MTB Bicycle

CHOOSING THE RIGHT MTB HANDLEBARS

CHOOSING THE RIGHT MTB HANDLEBARS

  • Monday, 06 November 2017
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Mountain bikes are off-road vehicles. This means they require a degree of steering control from the rider that is best achieved with a flat, non-drop (road) style handlebar. There are various options for mountain bikers to choose from covering different aspects such as material, width, geometry and of course cost. Choosing is pretty simple though. At Evans Cycles we carry a wide range of mountain bike handlebars in styles covering all options.

MATERIAL

The choice is pretty straight forward with alloy and carbon fiber defining the market place for handlebar material. A notable exception to the rule, are bars made from Titanium. Mostly the choice between materials is made on the basis of weight and cost. In general alloy bars cost less but weigh more than their carbon fiber counterparts. That said, some riders opt for alloy on the grounds of being more crash resistant, which is a difficult point to prove, as modern carbon fiber materials and manufacturing processes make them at least equal. That said, if you know that the odd prang is likely, an alloy bar will generally make replacement – which you should do after significantly crashing a handlebar (in our opinion).

Alloy

There are a bunch of numbers in the description of the material of most alloy handlebars. 2014-T6, 7075, 7050 and 6061. Other brands like Easton use proprietary alloys which they name themselves EA70, EA90 etc… Basically these numbers refer to are marginally different types of alloy (alloy being by its very nature a mix of constituent metals) blended to create a final metal with specific heat treatment  processes to imbue particular attributes and ride characteristics. All the alloy bars from brands stocked by Evans Cycles are strong, light and equally safe to use. Worry less about the alloy blend and more about the dimensions.

Carbon

Similarly to alloy, there is a lot of internet chatter about good and bad carbon fibre, particularly in relation to handlebars – after all, you’re holding this tube of cloth and resin as you skim down the mountain. Fear not, Evans Cycles only works with leading brands who perform extensive R+D, testing and monitor production. There’s no reason to not pick a carbon fibre handlebar (or any carbon fibre product ranged by Evans Cycles) on the basis of durability.

Titanium

This abundant but hard to extract and refine. Titanium alloy produces a set of ride characteristics which make it stand out on its own. Twice a strong as aluminium alloy and with a high resistance to fatigue, make it great for safety critical items like handlebars.

SHAPE

Width

Regardless of all other physical dimensions, the width of mountain bike handlebars is what gives a rider control of the bike when riding off road. Width of mountain bike handlebars is a topic affected as much by fickle trend as anything. In the early nineties 530mm was considered normal, today no one even makes a sub 580mm mountain bike handlebar.

As a rule of thumb you should start with the width of your shoulders and work outwards from there. Remember you’re not trying to squeeze between city busses, but control a mountain bike in rough terrain. It is possible to buy mountain bike bars with widths of up to 800mm, though most riders (regardless of what sort of mountain bike they ride) settle on bars with widths around 720 – 770mm, giving an optimum of leverage without over extending arms etc.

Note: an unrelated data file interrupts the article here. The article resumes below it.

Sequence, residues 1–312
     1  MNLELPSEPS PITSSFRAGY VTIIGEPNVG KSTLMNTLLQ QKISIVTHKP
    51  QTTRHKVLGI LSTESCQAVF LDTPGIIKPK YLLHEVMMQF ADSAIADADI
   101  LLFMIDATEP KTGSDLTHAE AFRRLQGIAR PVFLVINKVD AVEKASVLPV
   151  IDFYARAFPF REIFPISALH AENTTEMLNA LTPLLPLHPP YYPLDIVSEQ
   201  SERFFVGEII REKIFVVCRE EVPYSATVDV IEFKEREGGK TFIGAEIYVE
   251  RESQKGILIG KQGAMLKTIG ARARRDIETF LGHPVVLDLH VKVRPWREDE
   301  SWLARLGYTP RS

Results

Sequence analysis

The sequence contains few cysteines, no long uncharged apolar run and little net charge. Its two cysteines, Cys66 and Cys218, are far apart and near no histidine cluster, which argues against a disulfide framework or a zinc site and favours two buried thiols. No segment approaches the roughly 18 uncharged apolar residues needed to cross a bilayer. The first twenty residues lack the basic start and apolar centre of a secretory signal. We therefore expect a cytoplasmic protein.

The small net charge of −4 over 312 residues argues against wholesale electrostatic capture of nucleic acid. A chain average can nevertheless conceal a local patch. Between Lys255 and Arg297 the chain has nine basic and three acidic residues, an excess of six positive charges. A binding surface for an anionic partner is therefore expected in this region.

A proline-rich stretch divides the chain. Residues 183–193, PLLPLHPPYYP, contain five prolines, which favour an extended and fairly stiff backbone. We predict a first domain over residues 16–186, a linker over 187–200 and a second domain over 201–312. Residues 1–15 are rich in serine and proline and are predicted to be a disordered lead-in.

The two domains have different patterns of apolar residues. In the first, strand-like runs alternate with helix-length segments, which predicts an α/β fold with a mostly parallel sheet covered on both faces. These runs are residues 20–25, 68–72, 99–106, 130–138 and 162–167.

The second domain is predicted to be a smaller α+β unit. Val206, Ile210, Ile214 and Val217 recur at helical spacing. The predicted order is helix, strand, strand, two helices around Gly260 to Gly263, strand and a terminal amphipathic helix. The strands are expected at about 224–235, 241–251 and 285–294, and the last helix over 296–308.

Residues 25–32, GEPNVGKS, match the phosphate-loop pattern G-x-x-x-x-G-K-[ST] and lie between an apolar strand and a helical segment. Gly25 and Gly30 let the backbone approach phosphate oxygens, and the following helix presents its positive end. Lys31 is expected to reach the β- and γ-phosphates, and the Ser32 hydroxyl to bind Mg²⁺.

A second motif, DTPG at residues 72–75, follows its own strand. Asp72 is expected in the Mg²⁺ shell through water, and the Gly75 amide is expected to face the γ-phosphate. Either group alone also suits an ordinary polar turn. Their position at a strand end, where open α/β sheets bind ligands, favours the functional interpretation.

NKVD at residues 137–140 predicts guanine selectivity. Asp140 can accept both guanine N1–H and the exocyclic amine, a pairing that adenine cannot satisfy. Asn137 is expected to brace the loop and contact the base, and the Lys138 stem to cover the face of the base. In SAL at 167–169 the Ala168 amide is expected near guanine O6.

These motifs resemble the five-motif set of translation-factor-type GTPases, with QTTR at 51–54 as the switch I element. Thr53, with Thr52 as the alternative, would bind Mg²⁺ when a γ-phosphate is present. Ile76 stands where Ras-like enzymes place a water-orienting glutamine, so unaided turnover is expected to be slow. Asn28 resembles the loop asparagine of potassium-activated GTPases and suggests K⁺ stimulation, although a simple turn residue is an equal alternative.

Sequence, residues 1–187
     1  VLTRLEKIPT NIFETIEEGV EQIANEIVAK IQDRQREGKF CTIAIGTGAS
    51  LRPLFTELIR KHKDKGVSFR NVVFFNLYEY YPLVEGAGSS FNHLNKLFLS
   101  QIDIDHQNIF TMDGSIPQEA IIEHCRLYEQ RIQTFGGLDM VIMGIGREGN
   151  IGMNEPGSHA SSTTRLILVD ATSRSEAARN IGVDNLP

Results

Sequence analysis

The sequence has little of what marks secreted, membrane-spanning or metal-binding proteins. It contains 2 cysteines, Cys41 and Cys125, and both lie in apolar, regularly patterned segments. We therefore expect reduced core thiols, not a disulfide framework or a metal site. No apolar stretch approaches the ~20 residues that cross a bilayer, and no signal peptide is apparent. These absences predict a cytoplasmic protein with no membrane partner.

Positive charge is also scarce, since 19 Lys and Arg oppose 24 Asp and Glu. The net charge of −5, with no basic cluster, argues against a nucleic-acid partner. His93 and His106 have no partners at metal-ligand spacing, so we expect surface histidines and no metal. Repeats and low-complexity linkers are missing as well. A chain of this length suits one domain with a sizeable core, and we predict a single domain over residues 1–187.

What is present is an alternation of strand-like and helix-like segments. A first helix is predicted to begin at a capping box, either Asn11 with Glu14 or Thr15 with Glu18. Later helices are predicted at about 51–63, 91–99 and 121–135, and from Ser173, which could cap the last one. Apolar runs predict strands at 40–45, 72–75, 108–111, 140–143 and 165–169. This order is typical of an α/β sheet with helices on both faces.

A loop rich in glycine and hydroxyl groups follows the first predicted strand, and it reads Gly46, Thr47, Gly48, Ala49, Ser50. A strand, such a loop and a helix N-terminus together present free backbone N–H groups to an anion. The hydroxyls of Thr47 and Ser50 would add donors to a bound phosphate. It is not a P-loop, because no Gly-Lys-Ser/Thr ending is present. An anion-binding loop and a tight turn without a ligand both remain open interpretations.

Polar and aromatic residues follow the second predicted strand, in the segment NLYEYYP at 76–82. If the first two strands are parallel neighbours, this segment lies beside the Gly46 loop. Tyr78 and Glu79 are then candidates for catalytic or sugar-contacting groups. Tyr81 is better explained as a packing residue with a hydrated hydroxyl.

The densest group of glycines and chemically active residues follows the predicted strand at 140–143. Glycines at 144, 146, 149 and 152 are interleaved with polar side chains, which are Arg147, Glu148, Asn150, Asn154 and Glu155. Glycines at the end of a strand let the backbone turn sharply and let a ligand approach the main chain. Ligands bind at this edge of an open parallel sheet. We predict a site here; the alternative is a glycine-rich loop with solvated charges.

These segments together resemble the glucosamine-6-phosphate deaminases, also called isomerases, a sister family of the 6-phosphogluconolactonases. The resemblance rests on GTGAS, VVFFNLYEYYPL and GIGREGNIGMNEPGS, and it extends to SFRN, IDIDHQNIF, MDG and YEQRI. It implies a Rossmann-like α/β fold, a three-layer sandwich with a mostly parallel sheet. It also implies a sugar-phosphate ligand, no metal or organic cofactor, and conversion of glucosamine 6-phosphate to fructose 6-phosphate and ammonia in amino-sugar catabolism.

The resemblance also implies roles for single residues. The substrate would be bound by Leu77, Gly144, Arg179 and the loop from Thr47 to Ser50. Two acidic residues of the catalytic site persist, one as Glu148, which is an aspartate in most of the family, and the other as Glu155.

Backsweep

As it sounds, backsweep (sometimes just ‘sweep’) is measured in degrees and refers to the angle of the bend rearwards from Zero degrees (which would be a straight tube and very hard on the wrists..). The old school 3 and 5 degree bends have been largely replaced with modern trends erring towards for greater levels of backsweep between 6 and 15 degrees. There is no right or wrong when choosing a backsweep angle, it’s really about what feels right you’re your hands and that works with your bikes specific top tube length and stem length.

Rise

Riser bars have a bend, or a pair of bends (depending on the brand of bar), each side of the central stem clamp zone. This adds height to the ends of the handlebar where the rider will hold the grips and operate the controls. Generally riser bars are used in more technical and steep terrain where the more head up riding position they give adds control. Measured in millimetres (or inches occasionally for the American brands) the choice of riser bar shapes and heights is wide.



STYLES

Cross Country and trail (flat and low rise)

Most of the time cross country racer use flat handlebars with zero rise, this is because, as with road racing, the riders are usually trying to attain a low, powerful and wind-cheating position. If you’re not necessarily pinning a number to your bike, but just covering a lot of cross country miles, then you’ll probably want a ‘low-rise’ riser bar. These still allow a low power packed position. Without asking the rider to attain a riding position that is quite as extreme.

Downhill bars –riser/low-ride and flat

Downhill bars are generally alloy – to help reduce replacement cost when the inevitable crash happens, they’re also usually a bit wider than those for cross-country or trail bike. The modern trend is for them to be relatively low rise with some riders even opting for downhill spec flat bars in an effort to achieve a lower position with more rider weight on the front tyre.

 

This article from 

https://www.evanscycles.com/coffeestop/advice/choosing-the-right-mtb-handlebars


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